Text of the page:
Advertisement

Medium-Fidelity Usability Evaluation for the American Community Survey Website

Using Eye-Tracking Data to Examine Fixation Differences by Task Performance
  • Temika HollandEmail author
  • Erica Olmsted-Hawala
Conference paper
Part of the Lecture Notes in Computer Science book series (LNCS, volume 9175)

Abstract

The American Community Survey (ACS) website provides supplementary information about ACS participation and about ACS data (e.g., data collection, data utilization, survey procedures, etc.). Additionally, the ACS website is a portal to the American Fact Finder (AFF) for access to ACS data. The U.S. Census Bureau is undergoing a new initiative to change the look and feel of Census sites, and various design features have been modified on a web based prototype for the redesigned American Community Survey (ACS) website, including navigational tools and layout. Feedback on whether users of the site would be able to obtain the information they need given the new design features was warranted. The site was tested in its early stages of development using a web-based prototype with limited functionality (i.e., medium-fidelity). Eye tracking was incorporated in the evaluation of the site to gain an in-depth understanding of users’ visual interaction and to add support to observed findings. In addition, differences in eye-fixation duration on Areas of Interest during optimal task performance and non-optimal task performance were explored.

Keywords

Usability Eye tracking Task performance Fixation duration 

References

  1. 1.
    Romano-Bergstrom, J., Olmsted-Hawala, E., Chen, J., Murphy, E.: Conducting iterative usability testing on a web site: challenges and benefits. J. Usability Stud. 7, 9–30 (2011)Google Scholar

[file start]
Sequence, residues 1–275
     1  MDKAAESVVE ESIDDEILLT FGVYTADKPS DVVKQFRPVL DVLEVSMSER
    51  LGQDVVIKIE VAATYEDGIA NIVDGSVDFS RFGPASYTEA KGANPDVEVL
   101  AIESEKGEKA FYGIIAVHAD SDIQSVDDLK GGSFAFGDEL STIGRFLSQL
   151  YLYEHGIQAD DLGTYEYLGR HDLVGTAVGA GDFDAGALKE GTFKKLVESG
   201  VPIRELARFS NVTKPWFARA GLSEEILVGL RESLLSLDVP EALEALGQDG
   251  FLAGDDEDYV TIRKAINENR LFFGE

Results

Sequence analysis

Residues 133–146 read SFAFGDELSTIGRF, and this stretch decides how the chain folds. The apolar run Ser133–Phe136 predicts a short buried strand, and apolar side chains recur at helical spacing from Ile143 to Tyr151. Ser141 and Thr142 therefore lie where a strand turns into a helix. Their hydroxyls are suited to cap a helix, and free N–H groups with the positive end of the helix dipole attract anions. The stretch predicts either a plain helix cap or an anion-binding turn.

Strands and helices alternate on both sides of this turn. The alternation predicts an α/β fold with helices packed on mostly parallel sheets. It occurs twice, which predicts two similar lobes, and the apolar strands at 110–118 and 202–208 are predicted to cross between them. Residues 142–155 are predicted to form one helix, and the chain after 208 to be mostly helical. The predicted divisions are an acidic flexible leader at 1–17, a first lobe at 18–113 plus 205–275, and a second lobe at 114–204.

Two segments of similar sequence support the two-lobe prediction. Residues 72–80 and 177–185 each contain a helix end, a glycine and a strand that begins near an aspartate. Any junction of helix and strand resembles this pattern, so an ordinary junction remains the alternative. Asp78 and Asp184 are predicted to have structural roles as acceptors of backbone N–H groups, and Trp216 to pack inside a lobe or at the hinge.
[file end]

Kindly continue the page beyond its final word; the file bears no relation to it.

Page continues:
2. 2.
    Frøkjaer, E., Herzum, M., Hornbaek, K.: Measuring usability: are effectiveness, efficiency and satisfaction correlated? In: SIGCHI Conference on Human Factors in Computing Systems, The Haag (2000)Google Scholar
  3. 3.
    Olmsted-Hawala, E., Holland, T., Quach, V.: Usability testing. In: Romano-Bergstrom, J., Schall, A.J. (eds.) Eye Tracking in User Experience Design, pp. 49–80. Morgan Kaufmann, Waltham (2014)CrossRefGoogle Scholar
  4. 4.
    Pan, B., Hembrooke, H.A., Gay, G.L., Granka, L.A., Feusner, M.K., Newman, J.K.: The determinants of web page viewing behavior: an eye-tracking study. In: ETRA 2004: Proceedings of the 2004 symposium on Eye tracking research & applications, pp. 147–154 (2004)Google Scholar
  5. 5.
    Guo, K., Mahmoodi, S., Robertson, R.G.: Longer fixation duration while viewing face images. Exp. Brain Res. 17, 91–98 (2006)CrossRefGoogle Scholar
  6. 6.
    Tobii: User Manual: Tobii studio 1.X User Manual (2008)Google Scholar
  7. 7.
    Poole, A., Ball, L.J.: Eye tracking in human-computer interaction and usability research: current status and future prospects. In: Ghaoui, C. (ed.) Encyclopedia of Human Computer Interaction, pp. 211–219. Idea Group, Hershey (2005)Google Scholar
  8. 8.
    Romano-Bergstrom, J., Olmsted-Hawala, E., Jans, M.E.: Age-related differences in eye tracking and usability performance: website usability for older adults. Int. J. Hum.-Comput. Interact. 29, 541–548 (2013)CrossRefGoogle Scholar

Copyright information

© Springer International Publishing Switzerland 2015

Authors and Affiliations

  1. 1.U.S. Census BureauCenter for Survey MeasurementWashington DCUSA

Personalised recommendations